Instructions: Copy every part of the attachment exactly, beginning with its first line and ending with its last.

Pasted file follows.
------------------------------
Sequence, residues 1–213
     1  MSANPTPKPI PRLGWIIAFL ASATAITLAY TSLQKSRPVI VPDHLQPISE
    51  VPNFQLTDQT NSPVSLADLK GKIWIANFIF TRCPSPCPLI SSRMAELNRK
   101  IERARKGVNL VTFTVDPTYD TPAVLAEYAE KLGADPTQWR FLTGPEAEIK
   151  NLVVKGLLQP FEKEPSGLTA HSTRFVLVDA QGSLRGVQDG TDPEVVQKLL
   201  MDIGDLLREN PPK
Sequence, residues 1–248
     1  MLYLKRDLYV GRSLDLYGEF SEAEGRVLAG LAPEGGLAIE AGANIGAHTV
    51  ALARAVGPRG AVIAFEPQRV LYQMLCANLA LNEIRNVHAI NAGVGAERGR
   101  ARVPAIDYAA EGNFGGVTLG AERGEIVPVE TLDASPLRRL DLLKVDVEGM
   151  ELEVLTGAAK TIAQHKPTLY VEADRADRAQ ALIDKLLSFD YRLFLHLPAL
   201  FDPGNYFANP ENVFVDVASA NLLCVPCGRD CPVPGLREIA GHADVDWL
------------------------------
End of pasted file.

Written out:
Sequence, residues 1–213
     1  MSANPTPKPI PRLGWIIAFL ASATAITLAY TSLQKSRPVI VPDHLQPISE
    51  VPNFQLTDQT NSPVSLADLK GKIWIANFIF TRCPSPCPLI SSRMAELNRK
   101  IERARKGVNL VTFTVDPTYD TPAVLAEYAE KLGADPTQWR FLTGPEAEIK
   151  NLVVKGLLQP FEKEPSGLTA HSTRFVLVDA QGSLRGVQDG TDPEVVQKLL
   201  MDIGDLLREN PPK
Sequence, residues 1–248
     1  MLYLKRDLYV GRSLDLYGEF SEAEGRVLAG LAPEGGLAIE AGANIGAHTV
    51  ALARAVGPRG AVIAFEPQRV LYQMLCANLA LNEIRNVHAI NAGVGAERGR
   101  ARVPAIDYAA EGNFGGVTLG AERGEIVPVE TLDASPLRRL DLLKVDVEGM
   151  ELEVLTGAAK TIAQHKPTLY VEADRADRAQ ALIDKLLSFD YRLFLHLPAL
   201  FDPGNYFANP ENVFVDVASA NLLCVPCGRD CPVPGLREIA GHADVDWL